Atlanta Fed president Dennis Lockhart, speaking at the NABE policy conference today, provided some useful thinking about Fed exit strategy from its current easy monetary policy.
Judgments regarding when to change the direction of policy are difficult, and much of our thought and energy are devoted to getting it right. But by employing a forward-looking Taylor-rule framework, when to exit is not a particularly bewildering problem conceptually.
Weaning Irish banks off emergency funding from the ECB will take longer than hoped, after Irish authorities suspended plans to force the country’s troubled banks to sell off huge portfolios of loans.
The country’s banks need to offload as much €100bn ($139bn) of legacy assets as they undergo a drastic clean-up of their balance sheets following the huge losses they suffered during the financial crisis. The ECB wanted the deleveraging to be undertaken quickly so the banks could whittle down their reliance on emergency funding, which has risen to about €140bn.
Data from the Treasury International Capital system have always got a lot of stick. The system is meant to show foreign holdings of US assets broken down by country (and vice versa) but has a big problem with ‘custodial bias’: it struggles to track funds beyond the financial centre where they are held, e.g. the UK, Switzerland, the Channel Islands, various dodgy Caribbean destinations etc.
Recent sanctions on Libya have created a fascinating natural experiment on just how big that ‘custodial bias’ actually is. Does the amount of Libyan assets in the US reported to TIC match up with the amount of Libyan assets frozen in the US? Answer: a resounding ‘No’.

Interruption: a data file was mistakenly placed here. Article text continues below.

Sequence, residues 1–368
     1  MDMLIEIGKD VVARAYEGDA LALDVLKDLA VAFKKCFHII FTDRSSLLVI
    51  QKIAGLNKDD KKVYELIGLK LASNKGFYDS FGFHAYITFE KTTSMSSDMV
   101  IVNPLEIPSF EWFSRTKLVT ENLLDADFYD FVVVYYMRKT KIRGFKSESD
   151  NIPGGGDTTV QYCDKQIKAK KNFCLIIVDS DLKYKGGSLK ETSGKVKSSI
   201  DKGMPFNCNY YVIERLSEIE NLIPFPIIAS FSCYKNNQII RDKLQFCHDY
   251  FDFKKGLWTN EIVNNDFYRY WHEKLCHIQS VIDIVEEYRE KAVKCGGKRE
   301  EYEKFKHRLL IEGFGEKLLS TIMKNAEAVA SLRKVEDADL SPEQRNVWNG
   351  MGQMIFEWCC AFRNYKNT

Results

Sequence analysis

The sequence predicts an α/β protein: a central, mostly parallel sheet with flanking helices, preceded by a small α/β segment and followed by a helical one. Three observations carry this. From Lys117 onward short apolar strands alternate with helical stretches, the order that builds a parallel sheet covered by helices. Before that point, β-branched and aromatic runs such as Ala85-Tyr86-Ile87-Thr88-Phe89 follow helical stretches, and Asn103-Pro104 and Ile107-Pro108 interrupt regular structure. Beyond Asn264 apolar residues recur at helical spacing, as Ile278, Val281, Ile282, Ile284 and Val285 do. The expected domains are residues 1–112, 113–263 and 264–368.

A managing director of Goldman Sachs will replace chief hawk Andrew Sentance as an external member of the MPC, starting a renewable three-year term at the Bank of England on June 1. Sterling is rising as the markets take the news as bullish. Note: Mr Sentance will still be voting in May’s key MPC meeting. (Read more about Mr Broadbent’s views from Chris.)
Out of 27 applications for the position, only one was from a woman.
Cambridge and Harvard-educated Ben Broadbent has been senior European economist at Goldman Sachs since 2000. “I am thrilled. It is a great honour and a great responsibility,” he told the Financial Times on Monday. “His broad professional experience in the financial sector and academia, as well as his detailed knowledge of the UK economy, will be extremely valuable to the Committee,” finance minister George Osborne said in a statement. He also thanked Mr Sentance for his “original analysis”.
Mr Broadbent worked as an assistant professor at Columbia University, and as an economist at the Treasury and the Bank of England before joining Goldman. Recent comments from Goldman’s UK Economics Analyst note, edited by Mr Broadbent strike a hawkish note:
Two out of four ain’t bad. Ferenc Gerhardt and Andrea Bartfai-Mager are two government nominees for the central bank’s new policy board, under a new law that allows the government to appoint four rather than two of the seven-strong council. The law was sharply criticised by the ECB for potentially impacting on central bank independence.
Markets have welcomed the appointments, deemed “reasonable” by Elisabeth Andreew, chief currency strategist at Nordea. Analysts had worried the new government appointees would want to promote growth at the expense of fighting inflation; all three major agencies have cut Hungary’s government debt rating since November. The appointment of two former central bankers has reassured markets, as has their strong anti-inflation line at interviews today.